So many organizations and businesses are celebrating milestone anniversaries this year — Mountain Valley Hospice and Palliative Care and Greater Mount Airy Habitat for Humanity are just two.
Another organization which serves a great purpose in our community is having a milestone birthday in 2013, with 20 years of service. Surry Medical Ministries.
Last week at the Pilot Mountain Civic Club meeting, Mount Airy resident and ministries volunteer Millie Beal updated the club members on what the organization does and how it has been serving the community for 20 years.
She explained that in 2012, the clinic had 2,749 patient encounters, in which a patient was seen by a doctor or nurse.
That is an amazing number when you realize that the clinic is open just one day a week for about six hours — each Tuesday from 3 to 9 p.m. And it’s dental clinic operates just one day each month.
What is even more amazing is, with the exception of the one part-time registered nurse who serves as coordinator of the clinic, all of the people who work the clinic are volunteers. Let me repeat that, all of the people — the doctors, nurses, pharmacists, pharmacy techs, and others like lay people who help check in patients — are volunteers.
Those medical personnel work their regular full-time jobs and then in the afternoons and nights each Tuesday they offer their services free of charge to make the clinic a success and to make sure the people who wouldn’t otherwise get non-emergency basic medical attention can be seen.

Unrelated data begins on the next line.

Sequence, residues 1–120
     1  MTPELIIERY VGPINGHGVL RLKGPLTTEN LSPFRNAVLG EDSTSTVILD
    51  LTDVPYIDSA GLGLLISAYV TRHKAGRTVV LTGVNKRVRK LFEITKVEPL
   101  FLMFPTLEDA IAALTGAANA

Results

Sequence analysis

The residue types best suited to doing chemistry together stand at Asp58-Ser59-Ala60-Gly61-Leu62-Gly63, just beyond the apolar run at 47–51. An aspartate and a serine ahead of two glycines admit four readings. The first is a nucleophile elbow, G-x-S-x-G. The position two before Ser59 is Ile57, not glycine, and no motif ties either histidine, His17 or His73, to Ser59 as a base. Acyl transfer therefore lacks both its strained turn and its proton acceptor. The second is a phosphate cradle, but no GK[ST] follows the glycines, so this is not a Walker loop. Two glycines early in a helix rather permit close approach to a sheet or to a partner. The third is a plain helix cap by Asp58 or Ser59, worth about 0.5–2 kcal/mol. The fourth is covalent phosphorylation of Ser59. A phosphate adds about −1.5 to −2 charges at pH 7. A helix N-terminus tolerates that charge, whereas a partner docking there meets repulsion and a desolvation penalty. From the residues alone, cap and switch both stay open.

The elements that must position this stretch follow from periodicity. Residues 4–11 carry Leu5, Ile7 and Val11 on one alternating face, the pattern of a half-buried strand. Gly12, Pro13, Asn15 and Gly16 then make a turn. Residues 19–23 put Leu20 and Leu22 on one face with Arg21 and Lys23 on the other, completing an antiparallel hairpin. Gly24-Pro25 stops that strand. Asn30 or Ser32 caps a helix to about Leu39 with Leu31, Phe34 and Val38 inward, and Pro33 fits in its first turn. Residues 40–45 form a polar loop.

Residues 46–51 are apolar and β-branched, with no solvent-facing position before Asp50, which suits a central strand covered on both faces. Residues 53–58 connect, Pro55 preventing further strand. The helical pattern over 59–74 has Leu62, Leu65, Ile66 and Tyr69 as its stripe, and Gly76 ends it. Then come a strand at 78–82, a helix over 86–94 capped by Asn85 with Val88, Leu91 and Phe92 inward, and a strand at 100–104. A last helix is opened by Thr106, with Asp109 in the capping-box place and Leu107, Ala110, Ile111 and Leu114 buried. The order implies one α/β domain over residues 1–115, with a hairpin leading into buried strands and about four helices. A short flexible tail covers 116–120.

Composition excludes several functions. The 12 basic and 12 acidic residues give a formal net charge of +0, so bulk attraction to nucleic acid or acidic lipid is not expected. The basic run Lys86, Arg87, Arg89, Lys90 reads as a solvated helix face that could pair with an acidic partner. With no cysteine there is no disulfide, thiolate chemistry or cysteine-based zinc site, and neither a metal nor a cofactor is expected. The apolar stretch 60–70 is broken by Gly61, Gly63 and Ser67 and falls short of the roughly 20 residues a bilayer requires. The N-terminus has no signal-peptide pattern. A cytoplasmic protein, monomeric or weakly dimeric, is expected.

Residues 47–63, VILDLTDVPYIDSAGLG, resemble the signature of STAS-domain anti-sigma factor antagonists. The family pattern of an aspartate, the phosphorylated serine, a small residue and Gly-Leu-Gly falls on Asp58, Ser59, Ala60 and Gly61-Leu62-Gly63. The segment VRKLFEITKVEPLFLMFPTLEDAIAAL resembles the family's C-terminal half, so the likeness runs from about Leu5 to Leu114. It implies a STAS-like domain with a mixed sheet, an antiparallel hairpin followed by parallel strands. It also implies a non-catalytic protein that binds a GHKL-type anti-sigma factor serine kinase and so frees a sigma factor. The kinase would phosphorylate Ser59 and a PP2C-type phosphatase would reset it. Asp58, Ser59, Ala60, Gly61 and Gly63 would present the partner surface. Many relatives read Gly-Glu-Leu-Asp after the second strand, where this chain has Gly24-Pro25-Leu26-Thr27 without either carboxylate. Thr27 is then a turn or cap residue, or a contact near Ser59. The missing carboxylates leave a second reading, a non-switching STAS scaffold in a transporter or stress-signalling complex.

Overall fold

Beal explained that the clinic, which was just the fourth of its kind and the most rural in North Carolina to join the North Carolina Association of Free Clinics in 1993, serves those who are uninsured and the working poor. Now, there are 70 clinics that are members of the NCAFC.
The cost to operate the clinic? More than $100,000 a year, of which the good majority is used to pay for medications — 7,578 prescriptions were filled by clinic pharmacists last year, many which were maintenance medications for conditions like high blood pressure.
Northern Hospital of Surry County does the diagnostics and labs at the clinic for free, Beal said, which keeps operating costs down. But she said that service by the hospital also helps keep those patients from crowding the emergency room.
When asked by a club member where the funding comes from for the expenses at the clinic, Beal said it comes from private donations, citizens and businesses, United Fund of Surry, and clubs and groups like the civic club, which includes the clinic in its annual donations to area nonprofits.
Of the benefits of the clinic, Beal said, “It is just good old-fashioned medicine without all the red tape (paperwork). I think that’s why everyone enjoys coming to work so much.”
Wendy Byerly Wood is the associate editor of The Mount Airy News. She can be reached at email@example.com or 719-1923.